Avalon 2019 starts tomorrow #avgeeks and we’re bringing you a range of experts to help answer all your aviation-related questions.
Our aviation safety advisors (ASAs) will be working the stand on both trade and public days. The team works in close contact with those in the aviation industry to provide safety advice and deliver safety education and training.
Each safety advisor travels through their geographic region, meeting with people either one on one or through organised events. They focus on smaller organisations but may also assist larger air transport operators through their various field offices.
Industry Relations manager Matt Bouttell leads the ASA team and said this week will be a great opportunity to engage with aviation experts and the general public alike.
‘Over the coming week we look forward to sharing all the fantastic safety education resources CASA has developed over the years, and those that are being launched at the airshow.’
‘This is also such a great opportunity to promote the enviable levels of safety that our industry has here in Australia.
‘We’re all really passionate about aviation safety and I expect this to be conveyed to thousands of people at our CASA stand and at the Drone Zone stand.’
Matt started his aviation career in 1991 as an aircraft maintenance engineer in Sydney working on B747 and B767 aircraft. Matt has had a varied career in aviation thus far including engineering, flight operations, fleet and network planning, international relations and stakeholder relations.
In 2017, Matt arrived at CASA with a strong reputation for working collaboratively with industry. This is demonstrated daily in his role as the Secretariat for both the Aviation Safety Advisory Panel (ASAP) and Regional Airspace Procedures Advisory Committee (RAPAC) and his leadership of CASA’s Aviation Safety Advisors. Matt’s other responsibilities include oversight of CASA’s event and sponsorship program along with industry consultation.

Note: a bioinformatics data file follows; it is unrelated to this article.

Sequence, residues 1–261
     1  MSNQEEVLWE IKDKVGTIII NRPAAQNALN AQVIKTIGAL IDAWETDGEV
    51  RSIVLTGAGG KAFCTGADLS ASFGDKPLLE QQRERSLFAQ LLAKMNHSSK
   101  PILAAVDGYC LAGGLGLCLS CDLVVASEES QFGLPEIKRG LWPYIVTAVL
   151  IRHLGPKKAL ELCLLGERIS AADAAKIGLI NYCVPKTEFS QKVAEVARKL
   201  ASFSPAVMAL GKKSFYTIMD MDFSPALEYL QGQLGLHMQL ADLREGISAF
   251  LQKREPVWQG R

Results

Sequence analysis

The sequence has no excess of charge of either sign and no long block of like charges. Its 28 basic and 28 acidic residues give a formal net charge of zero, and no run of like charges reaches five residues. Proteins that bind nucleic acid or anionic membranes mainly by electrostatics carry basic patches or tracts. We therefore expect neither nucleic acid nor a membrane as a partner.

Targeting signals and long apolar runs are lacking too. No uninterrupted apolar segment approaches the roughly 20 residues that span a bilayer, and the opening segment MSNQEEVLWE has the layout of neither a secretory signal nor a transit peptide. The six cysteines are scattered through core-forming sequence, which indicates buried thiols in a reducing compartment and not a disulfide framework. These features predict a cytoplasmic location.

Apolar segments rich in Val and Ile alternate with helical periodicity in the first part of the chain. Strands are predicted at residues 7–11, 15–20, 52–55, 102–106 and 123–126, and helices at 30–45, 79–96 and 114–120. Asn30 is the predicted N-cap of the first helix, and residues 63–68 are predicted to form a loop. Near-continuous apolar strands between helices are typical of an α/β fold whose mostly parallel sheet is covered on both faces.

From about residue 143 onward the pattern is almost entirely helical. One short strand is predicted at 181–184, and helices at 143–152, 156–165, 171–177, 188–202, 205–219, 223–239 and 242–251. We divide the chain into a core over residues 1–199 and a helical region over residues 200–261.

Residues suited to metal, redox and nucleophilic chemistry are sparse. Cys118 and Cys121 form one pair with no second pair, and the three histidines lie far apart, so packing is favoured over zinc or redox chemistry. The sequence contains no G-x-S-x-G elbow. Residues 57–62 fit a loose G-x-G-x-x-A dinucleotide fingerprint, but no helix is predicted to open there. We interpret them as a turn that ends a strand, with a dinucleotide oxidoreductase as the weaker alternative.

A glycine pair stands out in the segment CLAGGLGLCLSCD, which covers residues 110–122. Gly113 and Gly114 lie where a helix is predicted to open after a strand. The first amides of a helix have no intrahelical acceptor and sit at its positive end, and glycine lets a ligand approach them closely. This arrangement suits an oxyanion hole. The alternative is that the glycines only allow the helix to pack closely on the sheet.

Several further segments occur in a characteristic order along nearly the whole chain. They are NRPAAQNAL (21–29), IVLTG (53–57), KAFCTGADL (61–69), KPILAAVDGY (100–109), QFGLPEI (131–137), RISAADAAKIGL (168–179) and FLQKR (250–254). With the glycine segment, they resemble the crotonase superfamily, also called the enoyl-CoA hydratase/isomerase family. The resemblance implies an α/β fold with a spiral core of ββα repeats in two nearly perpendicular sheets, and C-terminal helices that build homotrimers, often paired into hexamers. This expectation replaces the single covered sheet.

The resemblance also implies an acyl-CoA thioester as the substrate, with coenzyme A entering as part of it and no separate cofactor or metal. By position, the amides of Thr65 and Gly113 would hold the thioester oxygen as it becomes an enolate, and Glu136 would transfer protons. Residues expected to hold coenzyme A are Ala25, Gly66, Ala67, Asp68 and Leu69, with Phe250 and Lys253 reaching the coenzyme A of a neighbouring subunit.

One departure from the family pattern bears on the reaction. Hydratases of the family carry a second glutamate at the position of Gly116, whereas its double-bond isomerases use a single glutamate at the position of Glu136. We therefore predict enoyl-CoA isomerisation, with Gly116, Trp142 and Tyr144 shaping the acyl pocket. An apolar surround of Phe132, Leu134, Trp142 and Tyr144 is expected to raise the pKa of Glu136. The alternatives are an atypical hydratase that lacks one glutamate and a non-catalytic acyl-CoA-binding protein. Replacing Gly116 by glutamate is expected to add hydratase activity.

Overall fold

Matt is a keen private and RAAUS pilot and maintains a large network of colleagues and friends from our industry.
Teraya Miller (Sydney Region)
Teraya began flying at 15 years old and aviation has been a passion ever since. While completing an aviation science degree, she attained a commercial pilot licence and then instructor rating.
Before joining CASA in her current role, Teraya owned and operated a flight training organisation for 15 years. She was involved in all areas of the company—from a managerial role overseeing the business to a hands-on Grade 1 instructor and CFI.
Tim Penney (Southern Region)
Tim has been involved in the aviation industry in both a professional and private capacity for 32 years. After learning to fly, he completed an instructor rating at Moorabbin airport in Victoria and worked there as a flying and theory instructor.
Prior to joining CASA, Tim worked for five years as the air safety representative for Embraer Aircraft in Australia, the South Pacific, SE Asia and India. He had safety oversight and accident investigation responsibilities on behalf of Embraer for all turboprop and jet customers in this region. During that time, he completed air accident investigation training at the University of Southern California.
Tim holds, or has held at various times throughout his career, a commercial pilot licence for both fixed and rotary wing, a multi-engine command instrument rating and instructor rating.
Terry Horsam (Western Region)
Terry has over 30 years’ experience as a pilot and his commercial flying career includes scenic flying in New Zealand, multi-engine IFR flight instruction and charter operations throughout Australia.
He currently holds an ATPL and instrument rating and has over 20 years’ experience as a regional airline pilot.
Terry has been involved in a number of safety initiatives including the introduction of a safety management system and operational safety audits.
Additionally, he’s been responsible for establishing and delivering non-technical skills training programs for flight crew and safety critical staff including threat and error management and crew resource management.